Thursday, April 14, 2011

Getting crazy up in here

Something pretty crazy is shaking down in our lives right now. I had written a very factual timeline about it that I decided not to post (at least not yet) because while it tells the details of what happened it doesn't explain anything about how our family is reeling from it.

So, in lieu of a lengthy blog post, here is the one sentence version: A 13 year old neighbor girl who we have known and trusted since the day we moved in to our house stole at least one, most likely both, of my daughters' ipods from our home. It is a long, involved story with layers, as these things seem to often have, but that is the gist of it. At this point we have only Eloise's ipod back.

Although Matt and I wanted to keep the drama of this away from the girls, it quickly became obvious it would be impossible to deal with the situation without them knowing. We have since decided to keep them in the loop on every update, hopefully in this case honesty will prove to be the best policy.

The girls know that this neighbor girl, a girl they looked up to and adored, took their ipods (we believe she did take both). They know she has been to our house since she took them and pretended she didn't know where they were. They know she lied about it to all of us several times. They know, since getting Eloise's ipod back, that she erased all of their photos and videos and put a ton of seriously inappropriate music on it.

They know this girl, their friend, is no longer allowed in our house. It is painful and confusing and sad for them, often all at once. They still want to play with her, of course. They are trying to negotiate ways to see her without her coming to our house or them going to hers (as a side note, I never allowed them to go to the neighbor girl's house). They constantly ask me "why would she do that?!" with a mix of anger and tears.

Matt and I answer, "sometimes people make bad choices. She isn't a bad person, she just made a really bad choice." The girls nod, they appear to be trying to understand. Iris has related it to a time in her life she made a bad choice.

Iris, who is riddled with anxiety in general, is really struggling. She now believes (with even more fear than before) that people will break in to our house. She needs constant reassurance that all of our windows and doors are locked. That her mom and dad will keep her safe. That when she leaves the house she isn't in danger.

Iris cries because all of the special videos and pictures that she and her sister took with the ipod are now gone. She remembers the special times she documented, all lost.

Eloise cries because she wants to stay friends with the neighbor girl. To say Eloise adored her is a vast understatement. Eloise adored her.

And here is the tricky part: as far as we can/could tell, the neighbor girl adored our girls, too. As far as we can tell, the neighbor girl is extremely remorseful, though still not completely forthcoming with the facts of the story.

The neighbor girl is stuck in a bad situation at home. Her family emigrated to the US from Somalia when she was young. She has a single, absentee mother and appears to be surrounded by family members who are headed down a bad path.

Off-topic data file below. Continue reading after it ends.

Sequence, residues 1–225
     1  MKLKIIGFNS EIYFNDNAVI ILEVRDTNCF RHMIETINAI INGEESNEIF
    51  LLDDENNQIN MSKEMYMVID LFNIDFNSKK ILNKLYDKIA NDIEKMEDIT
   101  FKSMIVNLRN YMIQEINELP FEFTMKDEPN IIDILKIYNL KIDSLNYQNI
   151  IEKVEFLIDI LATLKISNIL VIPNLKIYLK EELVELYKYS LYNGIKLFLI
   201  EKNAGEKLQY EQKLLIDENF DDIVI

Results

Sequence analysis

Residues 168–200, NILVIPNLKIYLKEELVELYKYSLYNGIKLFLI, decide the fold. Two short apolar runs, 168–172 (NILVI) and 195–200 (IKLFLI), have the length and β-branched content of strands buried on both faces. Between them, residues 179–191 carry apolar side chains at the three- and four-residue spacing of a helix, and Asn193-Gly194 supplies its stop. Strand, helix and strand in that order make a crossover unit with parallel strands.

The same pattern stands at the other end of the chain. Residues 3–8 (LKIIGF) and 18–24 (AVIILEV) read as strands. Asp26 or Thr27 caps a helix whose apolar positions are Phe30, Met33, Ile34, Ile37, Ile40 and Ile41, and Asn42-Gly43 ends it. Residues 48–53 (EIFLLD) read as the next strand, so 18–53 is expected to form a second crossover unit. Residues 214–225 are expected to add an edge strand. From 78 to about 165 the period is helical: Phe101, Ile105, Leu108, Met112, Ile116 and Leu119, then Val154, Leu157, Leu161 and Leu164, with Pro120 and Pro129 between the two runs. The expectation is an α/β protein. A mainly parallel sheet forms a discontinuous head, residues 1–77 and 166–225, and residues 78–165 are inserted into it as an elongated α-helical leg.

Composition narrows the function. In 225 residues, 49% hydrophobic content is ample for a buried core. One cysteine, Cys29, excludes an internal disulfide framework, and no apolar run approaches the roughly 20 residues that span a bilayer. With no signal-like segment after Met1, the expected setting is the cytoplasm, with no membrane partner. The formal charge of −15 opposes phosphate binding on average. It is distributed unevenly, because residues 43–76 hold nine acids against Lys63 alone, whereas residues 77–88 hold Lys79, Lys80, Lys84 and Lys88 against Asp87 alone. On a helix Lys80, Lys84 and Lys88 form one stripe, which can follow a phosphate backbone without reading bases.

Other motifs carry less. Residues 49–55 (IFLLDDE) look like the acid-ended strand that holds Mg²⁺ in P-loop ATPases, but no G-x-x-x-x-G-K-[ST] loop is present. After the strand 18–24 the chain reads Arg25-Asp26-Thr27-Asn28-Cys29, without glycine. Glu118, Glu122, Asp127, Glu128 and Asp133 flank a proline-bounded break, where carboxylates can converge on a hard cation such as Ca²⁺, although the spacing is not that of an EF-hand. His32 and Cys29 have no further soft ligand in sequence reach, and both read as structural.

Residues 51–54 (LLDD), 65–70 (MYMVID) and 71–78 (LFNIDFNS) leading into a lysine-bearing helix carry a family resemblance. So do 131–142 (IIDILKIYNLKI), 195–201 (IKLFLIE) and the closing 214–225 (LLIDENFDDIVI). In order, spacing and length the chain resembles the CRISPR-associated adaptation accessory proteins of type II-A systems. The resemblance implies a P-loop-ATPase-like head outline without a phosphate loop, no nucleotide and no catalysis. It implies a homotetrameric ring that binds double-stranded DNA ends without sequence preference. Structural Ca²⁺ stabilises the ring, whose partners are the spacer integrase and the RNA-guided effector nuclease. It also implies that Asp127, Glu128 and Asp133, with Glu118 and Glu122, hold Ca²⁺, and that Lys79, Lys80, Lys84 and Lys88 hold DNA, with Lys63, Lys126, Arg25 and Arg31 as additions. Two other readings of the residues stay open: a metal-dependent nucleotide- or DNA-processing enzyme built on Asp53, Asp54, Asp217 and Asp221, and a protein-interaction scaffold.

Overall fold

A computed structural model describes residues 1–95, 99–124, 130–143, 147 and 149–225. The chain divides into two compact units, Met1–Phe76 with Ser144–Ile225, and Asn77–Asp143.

My husband, who is demonstrating an enviable capacity for compassion, believes that our family could be instrumental in helping this neighbor girl, giving her some guidance that she may not be getting anywhere else. That we can help her learn her lesson from this offense, but also do more to be a positive influence (or continue to be the positive influence) and not just write her off.

My husband believes in second chances. This neighbor girl is lucky because I, on the other hand, as a general rule do not, especially when my "Mama Bear" comes out. I am not saying this is bad or good, it just is what it is. As I said, my husband has an enviable level of compassion.

As for now, as of this writing, we're still in the middle of an investigation. The police are involved, there is still more to the story that has yet to be unravelled. We are still waiting for an honest explanation from the neighbor girl. We are still crossing our fingers (but also realistic) that Iris's ipod is returned.

We have no idea how to be a positive influence in this girl's life from this day forward, though I know my husband will figure it out.

We are working with the girls, and probably will be for a very long time (especially with Iris), to right their sense of security and trust. To help them come to a place of being at peace with what has happened.


  1. This sounds like such a difficult situation that you are meeting with compassion. My heart goes out to your girls, you and your husband, and thw neighbor girl. I hope you are able to resolve it in a manner that is positive for you all.

  2. I'm so sorry, Sybil. What a sad, sad thing to deal with...all around. I admire how you are trusting Matt and honoring how he feels even though it goes against your normal gut reaction.

    I'm sad for your girls. What a hard lesson to learn at such young ages. I think you being honest with them is the right thing.

  3. Oh, your poor, poor girls. I so hate it when we just can NOT protect our children from some awful human nature, even if it is just people being flakes. This is so awful. I wish I had something helpful to say. :-/

  4. That just SUCKS, to put it bluntly :( I'm sorry for Iris and Eloise and sorry that ya'll have to deal with this. I am grateful that Matt has a compassionate heart and that you are willing to submit to that. Ya'll are wonderful people and I know you will come to a concientious, loving decision. Praying Iris gets her iPod back!!


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